The U.S. current-account deficit, a measure of trade and financial flows with foreign countries, widened to $116.78 billion in the first quarter.
The $2.8 billion widening from the fourth quarter reflected an increase in the goods-trade deficit and a decrease in the primary-income surplus, offset in part by a smaller deficit for secondary income, the Commerce Department said Tuesday.
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Economists surveyed by The Wall Street Journal had forecast a larger deficit of $122.30 billion for the first quarter.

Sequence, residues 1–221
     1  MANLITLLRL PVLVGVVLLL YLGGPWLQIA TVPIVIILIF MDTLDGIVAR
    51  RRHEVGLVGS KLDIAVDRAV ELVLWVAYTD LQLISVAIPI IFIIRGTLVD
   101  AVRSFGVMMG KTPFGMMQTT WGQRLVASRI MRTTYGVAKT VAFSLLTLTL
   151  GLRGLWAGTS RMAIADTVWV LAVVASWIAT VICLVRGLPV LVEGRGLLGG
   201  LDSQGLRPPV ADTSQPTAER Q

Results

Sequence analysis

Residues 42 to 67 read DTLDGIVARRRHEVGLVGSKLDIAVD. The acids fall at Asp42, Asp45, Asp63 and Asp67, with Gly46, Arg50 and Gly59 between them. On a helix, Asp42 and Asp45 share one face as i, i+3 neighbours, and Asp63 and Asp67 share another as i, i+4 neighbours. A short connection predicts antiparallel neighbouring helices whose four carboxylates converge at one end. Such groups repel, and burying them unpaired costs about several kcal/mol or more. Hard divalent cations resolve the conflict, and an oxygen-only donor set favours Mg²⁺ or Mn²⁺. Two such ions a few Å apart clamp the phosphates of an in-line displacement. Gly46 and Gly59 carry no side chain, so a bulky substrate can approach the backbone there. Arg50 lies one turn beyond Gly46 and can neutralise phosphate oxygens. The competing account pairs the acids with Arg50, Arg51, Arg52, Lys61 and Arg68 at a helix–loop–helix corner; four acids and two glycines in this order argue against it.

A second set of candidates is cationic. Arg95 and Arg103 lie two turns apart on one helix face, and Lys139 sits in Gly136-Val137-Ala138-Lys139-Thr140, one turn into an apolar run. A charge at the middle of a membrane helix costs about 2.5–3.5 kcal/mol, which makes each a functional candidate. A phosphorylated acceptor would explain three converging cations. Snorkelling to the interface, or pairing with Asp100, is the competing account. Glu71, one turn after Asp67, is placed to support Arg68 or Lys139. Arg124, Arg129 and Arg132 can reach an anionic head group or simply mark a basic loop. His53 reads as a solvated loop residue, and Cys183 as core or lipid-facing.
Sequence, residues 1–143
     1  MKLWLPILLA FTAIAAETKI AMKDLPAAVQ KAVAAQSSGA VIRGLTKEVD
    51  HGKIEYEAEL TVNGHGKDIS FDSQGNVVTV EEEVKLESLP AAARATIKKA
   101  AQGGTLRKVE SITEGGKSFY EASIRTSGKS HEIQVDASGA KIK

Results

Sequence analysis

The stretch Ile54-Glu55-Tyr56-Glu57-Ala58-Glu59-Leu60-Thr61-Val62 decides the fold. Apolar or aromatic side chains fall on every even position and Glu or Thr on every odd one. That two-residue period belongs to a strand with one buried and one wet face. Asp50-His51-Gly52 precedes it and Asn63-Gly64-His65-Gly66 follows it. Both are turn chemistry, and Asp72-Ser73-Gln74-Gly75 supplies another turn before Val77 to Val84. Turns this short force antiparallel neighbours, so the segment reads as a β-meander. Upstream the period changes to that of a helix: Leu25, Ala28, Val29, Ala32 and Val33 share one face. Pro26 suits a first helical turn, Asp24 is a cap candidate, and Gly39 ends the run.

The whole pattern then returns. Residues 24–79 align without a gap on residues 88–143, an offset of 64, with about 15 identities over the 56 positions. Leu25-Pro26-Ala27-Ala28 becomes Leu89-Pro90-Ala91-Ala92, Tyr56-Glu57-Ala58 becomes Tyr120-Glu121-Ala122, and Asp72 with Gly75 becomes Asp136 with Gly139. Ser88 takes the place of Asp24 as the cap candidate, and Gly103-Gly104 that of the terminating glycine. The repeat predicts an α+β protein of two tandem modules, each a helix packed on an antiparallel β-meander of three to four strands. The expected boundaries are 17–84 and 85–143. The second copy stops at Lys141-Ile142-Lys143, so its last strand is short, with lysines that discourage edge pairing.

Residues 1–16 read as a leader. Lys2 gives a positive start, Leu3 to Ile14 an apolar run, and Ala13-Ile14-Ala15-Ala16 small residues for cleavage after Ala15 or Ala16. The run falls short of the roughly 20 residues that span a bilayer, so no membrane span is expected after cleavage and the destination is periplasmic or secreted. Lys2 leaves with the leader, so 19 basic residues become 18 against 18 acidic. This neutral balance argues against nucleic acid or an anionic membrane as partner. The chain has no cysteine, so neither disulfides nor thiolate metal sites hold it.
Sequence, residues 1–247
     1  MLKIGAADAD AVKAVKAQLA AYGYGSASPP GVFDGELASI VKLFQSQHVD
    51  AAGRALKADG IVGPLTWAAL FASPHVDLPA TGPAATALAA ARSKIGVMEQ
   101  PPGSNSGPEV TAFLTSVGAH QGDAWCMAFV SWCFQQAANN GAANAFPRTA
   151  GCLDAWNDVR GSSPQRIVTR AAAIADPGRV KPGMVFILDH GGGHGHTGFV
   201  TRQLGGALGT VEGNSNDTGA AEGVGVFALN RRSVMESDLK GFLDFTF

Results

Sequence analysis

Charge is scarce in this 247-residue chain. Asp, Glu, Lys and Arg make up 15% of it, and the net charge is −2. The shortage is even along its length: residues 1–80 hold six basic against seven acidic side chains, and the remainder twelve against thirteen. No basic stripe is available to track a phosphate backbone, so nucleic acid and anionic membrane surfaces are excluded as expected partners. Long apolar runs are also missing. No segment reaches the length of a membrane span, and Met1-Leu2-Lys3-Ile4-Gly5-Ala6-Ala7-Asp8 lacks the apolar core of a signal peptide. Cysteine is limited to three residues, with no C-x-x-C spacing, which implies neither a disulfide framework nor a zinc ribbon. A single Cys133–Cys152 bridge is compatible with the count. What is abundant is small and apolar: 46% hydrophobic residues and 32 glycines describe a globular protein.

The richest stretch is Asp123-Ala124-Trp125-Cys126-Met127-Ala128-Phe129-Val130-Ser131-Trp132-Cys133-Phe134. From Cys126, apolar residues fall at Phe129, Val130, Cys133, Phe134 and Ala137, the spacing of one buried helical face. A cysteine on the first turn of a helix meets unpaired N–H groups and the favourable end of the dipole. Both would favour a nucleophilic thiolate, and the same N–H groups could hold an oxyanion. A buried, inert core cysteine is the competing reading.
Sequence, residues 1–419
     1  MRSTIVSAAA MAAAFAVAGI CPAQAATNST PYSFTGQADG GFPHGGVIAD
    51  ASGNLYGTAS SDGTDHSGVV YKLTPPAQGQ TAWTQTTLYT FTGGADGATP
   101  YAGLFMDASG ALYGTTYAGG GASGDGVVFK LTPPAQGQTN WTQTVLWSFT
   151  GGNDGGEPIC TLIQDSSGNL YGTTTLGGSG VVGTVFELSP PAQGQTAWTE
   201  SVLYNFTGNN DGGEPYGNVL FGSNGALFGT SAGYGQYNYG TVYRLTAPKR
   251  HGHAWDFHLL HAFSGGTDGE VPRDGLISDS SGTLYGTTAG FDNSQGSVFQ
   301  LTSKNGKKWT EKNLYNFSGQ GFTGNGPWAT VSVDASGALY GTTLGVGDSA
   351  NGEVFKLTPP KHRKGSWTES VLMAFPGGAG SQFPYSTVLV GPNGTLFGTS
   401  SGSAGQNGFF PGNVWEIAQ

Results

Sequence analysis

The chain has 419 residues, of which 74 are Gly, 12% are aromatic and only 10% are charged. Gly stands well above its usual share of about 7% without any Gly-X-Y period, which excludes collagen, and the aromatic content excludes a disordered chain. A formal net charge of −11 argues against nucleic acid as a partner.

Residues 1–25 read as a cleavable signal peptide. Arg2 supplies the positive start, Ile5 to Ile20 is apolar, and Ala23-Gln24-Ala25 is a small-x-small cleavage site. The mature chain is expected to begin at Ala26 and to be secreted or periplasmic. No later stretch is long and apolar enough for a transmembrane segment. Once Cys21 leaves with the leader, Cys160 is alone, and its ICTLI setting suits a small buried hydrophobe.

The deficit was 2.5% of current-dollar gross domestic product last quarter, up from 2.4% in the fourth quarter.
The current account tracks movements of goods and services across borders, as well as income flows from investments and various other transfers such as remittances. The U.S. has run persistent trade deficits for decades by importing more than it exports.
Tuesday's report also contained revisions going back several years, based on new data and other factors.
The Commerce Department report can be found at www.bea.gov/newsreleases/rels.htm.
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(END) Dow Jones Newswires
June 20, 2017 08:45 ET (12:45 GMT)